The Rocky Road to Assimilation: Converso-Old Christian Intermarriage in the Late 15th Century
Paper by Mark Meyerson
Given at the Sephardic Identities, Medieval and Early Modern Symposium at the University of Michigan, on March 27, 2019
Excerpt: On my paper this morning I’m going to explore the phenomenon of intermarriage between conversos and old Christians in late 15th century Spain. Intermarriages of course is a misnomer since like their old Christian partners the conversos or new Christians were baptized Catholics who were marrying in accordance with canon law. Yet the individuals and families involved in these intermarriages perceived what we would call an ethnic difference between their families that was rooted in their respective Jewish or Christian ancestries. Focusing on converso / old Christian intermarriage will I hope shed more light on the social and religious processes in the individual decision making that were involved in the gradual assimilation of a good number of converso families into old Christian society.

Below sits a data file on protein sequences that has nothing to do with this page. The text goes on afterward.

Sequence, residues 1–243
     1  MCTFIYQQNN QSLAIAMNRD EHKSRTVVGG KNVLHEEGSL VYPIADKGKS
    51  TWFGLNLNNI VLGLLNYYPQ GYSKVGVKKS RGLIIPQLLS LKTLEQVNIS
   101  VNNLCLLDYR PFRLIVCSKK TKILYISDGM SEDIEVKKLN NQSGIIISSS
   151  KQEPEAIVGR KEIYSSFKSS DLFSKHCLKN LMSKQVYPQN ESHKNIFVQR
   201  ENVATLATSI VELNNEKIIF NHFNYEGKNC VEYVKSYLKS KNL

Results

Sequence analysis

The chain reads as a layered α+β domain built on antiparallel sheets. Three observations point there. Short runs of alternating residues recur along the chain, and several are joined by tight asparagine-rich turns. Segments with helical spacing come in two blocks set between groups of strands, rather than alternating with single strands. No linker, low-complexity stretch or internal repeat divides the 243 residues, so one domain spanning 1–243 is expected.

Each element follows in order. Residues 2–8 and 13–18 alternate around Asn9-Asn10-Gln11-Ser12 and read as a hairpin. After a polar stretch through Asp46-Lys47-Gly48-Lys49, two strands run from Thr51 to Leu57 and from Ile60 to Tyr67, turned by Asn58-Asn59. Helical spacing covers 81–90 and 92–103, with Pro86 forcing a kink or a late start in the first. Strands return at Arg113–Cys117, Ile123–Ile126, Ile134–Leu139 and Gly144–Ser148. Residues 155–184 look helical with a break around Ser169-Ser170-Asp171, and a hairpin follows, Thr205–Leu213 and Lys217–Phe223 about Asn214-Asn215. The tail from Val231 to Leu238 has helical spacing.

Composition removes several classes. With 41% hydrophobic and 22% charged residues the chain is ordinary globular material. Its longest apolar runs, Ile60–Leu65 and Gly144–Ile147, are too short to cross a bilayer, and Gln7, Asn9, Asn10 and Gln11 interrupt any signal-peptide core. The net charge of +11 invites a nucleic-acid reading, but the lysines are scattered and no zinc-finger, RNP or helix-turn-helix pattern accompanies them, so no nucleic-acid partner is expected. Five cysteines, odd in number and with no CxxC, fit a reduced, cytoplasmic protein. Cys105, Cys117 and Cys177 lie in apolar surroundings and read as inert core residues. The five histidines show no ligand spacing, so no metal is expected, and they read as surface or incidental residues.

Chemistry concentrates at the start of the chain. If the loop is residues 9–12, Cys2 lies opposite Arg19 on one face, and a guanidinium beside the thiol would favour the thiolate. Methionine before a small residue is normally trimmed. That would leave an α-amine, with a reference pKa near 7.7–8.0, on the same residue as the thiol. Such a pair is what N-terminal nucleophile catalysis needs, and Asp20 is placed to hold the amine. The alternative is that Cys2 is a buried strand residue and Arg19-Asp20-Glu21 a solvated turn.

Mark Meyerson is Associate Professor in the Department of History and Centre for Medieval Studies at the University of Toronto. Click here to view his university webpage.
You can watch more papers from this symposium at the University of Michigan Youtube page.
Top Image: Badge or Harness Pendant, ca. 1400, probably from Spain. Image courtesy The Metropolitan Museum of Art